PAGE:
Adults Sought for Sarcoidosis Inflammation Study

Adults Sought for Sarcoidosis Inflammation Study
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The Foundation for Sarcoidosis Research is urging adults with sarcoidosis to participate in a new study that will investigate how lymphocytes — one of the main types of immune cells found in the body — control inflammation and if this level of control is part of the reason why the disease manifests differently in patients.

According to the Foundation, understanding how these immune cells work and the impact they have on inflammation in sarcoidosis may help researchers and physicians distinguish between progressive and non-progressive forms of the disease and to develop new treatments.

The study, called BRITE (Bronchoscopy at Initial sarcoidosis diagnosis Targeting longitudinal Endpoints), is underway at four sites across the U.S. More information about study sites investigators’ contacts can be found here and here.

Patients participating in BRITE will be asked to visit one of the four study sites up to six times over a period of 18 months. On each visit, they may undergo a series of tests and medical procedures, including having their blood drawn to measure total lymphocyte counts, a bronchoscopy with lavage to assess the presence and activity of lymphocytes in the lungs’ airways, and possibly a chest X-ray and lung function tests.

A bronchoscopy is a procedure in which a flexible, lighted tube is inserted into a person’s lungs through the mouth or nose to examine the airways. It is sometimes accompanied by another procedure called lavage, in which a fluid is squirted into a small portion of the lungs and then aspirated to be analyzed.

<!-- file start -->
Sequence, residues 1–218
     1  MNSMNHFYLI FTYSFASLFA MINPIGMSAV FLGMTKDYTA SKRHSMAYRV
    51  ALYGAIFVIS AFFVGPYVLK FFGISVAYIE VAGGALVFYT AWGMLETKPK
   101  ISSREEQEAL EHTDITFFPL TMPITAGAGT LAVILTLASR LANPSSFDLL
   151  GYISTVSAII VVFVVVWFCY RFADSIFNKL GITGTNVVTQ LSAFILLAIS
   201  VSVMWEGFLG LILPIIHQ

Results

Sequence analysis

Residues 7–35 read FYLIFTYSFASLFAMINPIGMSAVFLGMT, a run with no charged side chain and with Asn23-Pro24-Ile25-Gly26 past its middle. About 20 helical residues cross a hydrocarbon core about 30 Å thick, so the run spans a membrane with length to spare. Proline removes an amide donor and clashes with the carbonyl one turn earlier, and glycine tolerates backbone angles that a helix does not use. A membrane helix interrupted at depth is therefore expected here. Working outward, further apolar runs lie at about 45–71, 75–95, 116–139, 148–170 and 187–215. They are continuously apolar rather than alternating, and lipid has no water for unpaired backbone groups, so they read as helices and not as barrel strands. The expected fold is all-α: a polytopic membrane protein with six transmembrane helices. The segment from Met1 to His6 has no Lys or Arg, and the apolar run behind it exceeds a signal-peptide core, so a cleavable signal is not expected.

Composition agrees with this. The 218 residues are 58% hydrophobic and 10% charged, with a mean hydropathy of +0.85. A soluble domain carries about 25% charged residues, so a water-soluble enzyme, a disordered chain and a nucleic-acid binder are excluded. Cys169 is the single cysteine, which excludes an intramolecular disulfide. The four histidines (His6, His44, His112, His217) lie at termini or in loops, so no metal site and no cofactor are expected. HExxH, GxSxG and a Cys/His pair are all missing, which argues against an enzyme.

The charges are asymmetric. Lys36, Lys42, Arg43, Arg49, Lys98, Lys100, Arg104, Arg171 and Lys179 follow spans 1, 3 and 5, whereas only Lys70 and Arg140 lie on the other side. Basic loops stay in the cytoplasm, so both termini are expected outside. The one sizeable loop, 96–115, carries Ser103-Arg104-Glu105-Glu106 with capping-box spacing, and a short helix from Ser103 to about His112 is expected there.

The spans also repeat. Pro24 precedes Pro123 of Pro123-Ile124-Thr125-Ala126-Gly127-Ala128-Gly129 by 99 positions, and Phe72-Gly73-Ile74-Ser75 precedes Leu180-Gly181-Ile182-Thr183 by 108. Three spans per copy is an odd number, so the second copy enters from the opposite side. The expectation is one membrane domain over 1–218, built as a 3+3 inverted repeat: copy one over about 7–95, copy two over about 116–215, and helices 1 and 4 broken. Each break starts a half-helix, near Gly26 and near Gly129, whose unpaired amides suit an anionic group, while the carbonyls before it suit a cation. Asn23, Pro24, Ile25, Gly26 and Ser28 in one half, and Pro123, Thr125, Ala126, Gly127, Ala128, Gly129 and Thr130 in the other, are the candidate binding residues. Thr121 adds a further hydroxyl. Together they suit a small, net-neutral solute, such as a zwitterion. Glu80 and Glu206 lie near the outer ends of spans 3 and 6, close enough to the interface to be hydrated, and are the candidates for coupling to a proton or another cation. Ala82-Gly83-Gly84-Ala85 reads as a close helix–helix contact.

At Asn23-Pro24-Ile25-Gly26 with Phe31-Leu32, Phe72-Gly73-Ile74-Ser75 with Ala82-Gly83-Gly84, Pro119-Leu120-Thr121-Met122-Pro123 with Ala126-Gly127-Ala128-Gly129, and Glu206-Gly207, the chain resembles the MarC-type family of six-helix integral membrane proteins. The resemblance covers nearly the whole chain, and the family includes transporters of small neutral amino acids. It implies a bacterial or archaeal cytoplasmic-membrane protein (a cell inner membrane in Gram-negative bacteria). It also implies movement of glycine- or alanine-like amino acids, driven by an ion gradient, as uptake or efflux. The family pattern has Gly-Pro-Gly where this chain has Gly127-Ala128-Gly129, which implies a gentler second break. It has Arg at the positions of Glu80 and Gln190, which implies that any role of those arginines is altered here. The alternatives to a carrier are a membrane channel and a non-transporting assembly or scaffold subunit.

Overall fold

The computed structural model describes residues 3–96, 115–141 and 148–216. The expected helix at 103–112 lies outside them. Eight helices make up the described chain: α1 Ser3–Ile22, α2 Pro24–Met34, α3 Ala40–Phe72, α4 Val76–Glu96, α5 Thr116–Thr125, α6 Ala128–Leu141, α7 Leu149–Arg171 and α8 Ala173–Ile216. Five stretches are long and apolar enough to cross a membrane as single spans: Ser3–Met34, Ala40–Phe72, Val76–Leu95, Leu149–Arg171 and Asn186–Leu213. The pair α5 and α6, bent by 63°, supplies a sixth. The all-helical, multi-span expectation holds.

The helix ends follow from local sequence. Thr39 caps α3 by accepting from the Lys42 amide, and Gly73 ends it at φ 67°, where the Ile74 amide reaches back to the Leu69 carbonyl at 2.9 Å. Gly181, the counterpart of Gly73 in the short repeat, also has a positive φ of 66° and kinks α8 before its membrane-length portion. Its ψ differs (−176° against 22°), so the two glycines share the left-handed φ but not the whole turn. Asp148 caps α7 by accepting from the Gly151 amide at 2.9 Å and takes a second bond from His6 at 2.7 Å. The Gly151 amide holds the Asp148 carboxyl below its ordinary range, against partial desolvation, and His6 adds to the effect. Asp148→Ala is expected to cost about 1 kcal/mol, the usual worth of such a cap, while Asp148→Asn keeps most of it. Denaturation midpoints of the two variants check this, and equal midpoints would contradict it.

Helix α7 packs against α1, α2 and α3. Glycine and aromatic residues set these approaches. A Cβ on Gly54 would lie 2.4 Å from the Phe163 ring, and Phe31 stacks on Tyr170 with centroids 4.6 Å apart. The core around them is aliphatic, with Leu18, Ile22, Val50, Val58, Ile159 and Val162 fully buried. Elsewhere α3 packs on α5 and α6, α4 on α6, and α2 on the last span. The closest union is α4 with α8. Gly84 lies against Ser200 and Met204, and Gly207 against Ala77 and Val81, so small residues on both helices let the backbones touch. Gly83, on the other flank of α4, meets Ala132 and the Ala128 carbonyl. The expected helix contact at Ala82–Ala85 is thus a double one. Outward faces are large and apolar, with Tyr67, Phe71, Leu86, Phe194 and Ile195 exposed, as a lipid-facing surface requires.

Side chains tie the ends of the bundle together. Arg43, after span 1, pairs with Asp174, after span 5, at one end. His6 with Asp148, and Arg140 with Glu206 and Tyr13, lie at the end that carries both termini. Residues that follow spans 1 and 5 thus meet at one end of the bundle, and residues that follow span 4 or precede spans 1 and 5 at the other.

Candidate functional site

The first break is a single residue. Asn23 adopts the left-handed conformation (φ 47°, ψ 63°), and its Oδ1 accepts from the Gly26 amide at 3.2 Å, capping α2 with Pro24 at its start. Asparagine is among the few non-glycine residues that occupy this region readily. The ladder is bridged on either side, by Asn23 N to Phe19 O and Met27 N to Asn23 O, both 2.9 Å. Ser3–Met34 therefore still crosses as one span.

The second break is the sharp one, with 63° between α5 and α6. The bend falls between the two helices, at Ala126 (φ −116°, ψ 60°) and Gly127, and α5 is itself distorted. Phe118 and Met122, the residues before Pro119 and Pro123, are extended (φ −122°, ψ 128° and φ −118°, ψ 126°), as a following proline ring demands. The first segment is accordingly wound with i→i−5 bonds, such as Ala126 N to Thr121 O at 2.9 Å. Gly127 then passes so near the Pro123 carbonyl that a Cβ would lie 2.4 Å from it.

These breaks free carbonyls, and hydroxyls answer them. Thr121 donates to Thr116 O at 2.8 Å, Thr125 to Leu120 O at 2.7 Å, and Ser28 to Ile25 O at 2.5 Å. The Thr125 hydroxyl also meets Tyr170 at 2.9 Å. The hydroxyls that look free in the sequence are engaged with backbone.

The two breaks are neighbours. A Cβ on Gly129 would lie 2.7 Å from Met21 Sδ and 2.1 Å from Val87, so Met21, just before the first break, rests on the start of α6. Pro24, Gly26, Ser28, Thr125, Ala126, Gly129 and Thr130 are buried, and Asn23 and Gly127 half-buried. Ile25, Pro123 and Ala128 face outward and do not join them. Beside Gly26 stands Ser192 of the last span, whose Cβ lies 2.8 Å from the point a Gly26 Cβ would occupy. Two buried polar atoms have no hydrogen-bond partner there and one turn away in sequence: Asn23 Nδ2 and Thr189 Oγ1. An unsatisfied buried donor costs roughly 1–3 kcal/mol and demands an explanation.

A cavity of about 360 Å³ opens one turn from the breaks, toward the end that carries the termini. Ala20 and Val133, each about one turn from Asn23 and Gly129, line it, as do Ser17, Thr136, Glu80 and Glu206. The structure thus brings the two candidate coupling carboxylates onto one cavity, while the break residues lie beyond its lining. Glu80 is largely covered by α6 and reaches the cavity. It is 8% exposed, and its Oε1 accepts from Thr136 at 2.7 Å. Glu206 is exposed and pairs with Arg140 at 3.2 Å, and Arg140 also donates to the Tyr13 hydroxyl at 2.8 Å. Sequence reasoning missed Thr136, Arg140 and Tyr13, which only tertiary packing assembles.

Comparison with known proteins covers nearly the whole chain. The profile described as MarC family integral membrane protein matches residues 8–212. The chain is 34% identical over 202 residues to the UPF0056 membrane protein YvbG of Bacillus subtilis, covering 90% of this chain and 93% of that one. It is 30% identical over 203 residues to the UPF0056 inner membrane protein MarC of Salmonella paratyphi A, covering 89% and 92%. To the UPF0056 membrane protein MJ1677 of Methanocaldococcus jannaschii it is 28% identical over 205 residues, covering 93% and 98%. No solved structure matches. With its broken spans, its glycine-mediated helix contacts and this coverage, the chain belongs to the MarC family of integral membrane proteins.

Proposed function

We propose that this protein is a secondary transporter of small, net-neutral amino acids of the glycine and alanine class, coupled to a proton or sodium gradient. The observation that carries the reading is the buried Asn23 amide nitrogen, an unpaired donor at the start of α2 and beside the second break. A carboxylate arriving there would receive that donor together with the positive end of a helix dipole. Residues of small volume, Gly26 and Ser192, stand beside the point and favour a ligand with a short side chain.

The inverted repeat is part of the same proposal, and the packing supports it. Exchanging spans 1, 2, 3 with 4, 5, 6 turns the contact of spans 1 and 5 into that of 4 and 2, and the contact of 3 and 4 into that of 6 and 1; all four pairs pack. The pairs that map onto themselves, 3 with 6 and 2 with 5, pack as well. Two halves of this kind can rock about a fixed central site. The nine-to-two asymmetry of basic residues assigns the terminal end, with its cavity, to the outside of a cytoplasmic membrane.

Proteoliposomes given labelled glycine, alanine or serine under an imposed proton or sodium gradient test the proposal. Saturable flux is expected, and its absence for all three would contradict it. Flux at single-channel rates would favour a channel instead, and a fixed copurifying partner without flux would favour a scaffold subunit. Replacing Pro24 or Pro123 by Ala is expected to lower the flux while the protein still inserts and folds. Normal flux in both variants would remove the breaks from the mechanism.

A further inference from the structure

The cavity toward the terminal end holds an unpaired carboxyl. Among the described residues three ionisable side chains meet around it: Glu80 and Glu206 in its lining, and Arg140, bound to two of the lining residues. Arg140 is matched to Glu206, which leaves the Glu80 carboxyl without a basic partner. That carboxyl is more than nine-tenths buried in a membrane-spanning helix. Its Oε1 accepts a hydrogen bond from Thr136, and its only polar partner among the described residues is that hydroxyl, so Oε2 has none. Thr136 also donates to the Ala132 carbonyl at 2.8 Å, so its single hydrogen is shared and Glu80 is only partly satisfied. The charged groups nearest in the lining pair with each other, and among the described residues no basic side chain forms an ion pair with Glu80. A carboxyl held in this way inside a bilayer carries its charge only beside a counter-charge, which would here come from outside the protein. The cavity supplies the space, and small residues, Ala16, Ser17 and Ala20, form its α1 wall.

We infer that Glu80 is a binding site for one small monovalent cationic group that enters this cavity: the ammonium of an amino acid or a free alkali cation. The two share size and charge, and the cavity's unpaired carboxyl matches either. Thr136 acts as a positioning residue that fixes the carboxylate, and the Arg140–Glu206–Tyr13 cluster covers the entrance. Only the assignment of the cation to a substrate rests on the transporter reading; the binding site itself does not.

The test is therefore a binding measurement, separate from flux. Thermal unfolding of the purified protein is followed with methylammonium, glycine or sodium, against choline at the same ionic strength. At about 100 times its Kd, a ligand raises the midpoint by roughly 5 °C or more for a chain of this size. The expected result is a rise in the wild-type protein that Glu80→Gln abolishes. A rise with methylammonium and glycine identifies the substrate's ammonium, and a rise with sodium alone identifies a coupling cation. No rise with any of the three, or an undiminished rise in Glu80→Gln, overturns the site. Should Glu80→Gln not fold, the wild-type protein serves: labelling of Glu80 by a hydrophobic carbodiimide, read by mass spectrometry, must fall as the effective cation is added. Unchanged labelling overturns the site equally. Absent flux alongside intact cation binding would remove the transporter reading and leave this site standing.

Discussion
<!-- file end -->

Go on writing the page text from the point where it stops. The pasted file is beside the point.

Patients will receive monetary compensation for participating in BRITE.

In order to be eligible to participate in the study, patients must be 18 or older (up to 80 years), have been diagnosed recently with sarcoidosis (within the past 18 months), not be taking any immunosuppressive medications at the time of enrollment, and be able to travel to one of the four study sites:  University of California, San Francisco; National Jewish Health, Denver, Colorado; University of Iowa, Iowa City; and Johns Hopkins Medicine, Baltimore, Maryland.

Women who are trying to conceive or are pregnant, smokers (both active and recent quitters), those with severe lung disease (needing oxygen therapy at home), patients in whom sarcoidosis affects the brain or heart, and those with a history of cardiovascular disease or bronchoscopy complications, may not be eligible to participate in BRITE.

Joana holds a BSc in Biology, a MSc in Evolutionary and Developmental Biology and a PhD in Biomedical Sciences from Universidade de Lisboa, Portugal. Her work has been focused on the impact of non-canonical Wnt signaling in the collective behavior of endothelial cells — cells that made up the lining of blood vessels — found in the umbilical cord of newborns.
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Patrícia holds her PhD in Medical Microbiology and Infectious Diseases from the Leiden University Medical Center in Leiden, The Netherlands. She has studied Applied Biology at Universidade do Minho and was a postdoctoral research fellow at Instituto de Medicina Molecular in Lisbon, Portugal. Her work has been focused on molecular genetic traits of infectious agents such as viruses and parasites.
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Joana holds a BSc in Biology, a MSc in Evolutionary and Developmental Biology and a PhD in Biomedical Sciences from Universidade de Lisboa, Portugal. Her work has been focused on the impact of non-canonical Wnt signaling in the collective behavior of endothelial cells — cells that made up the lining of blood vessels — found in the umbilical cord of newborns.
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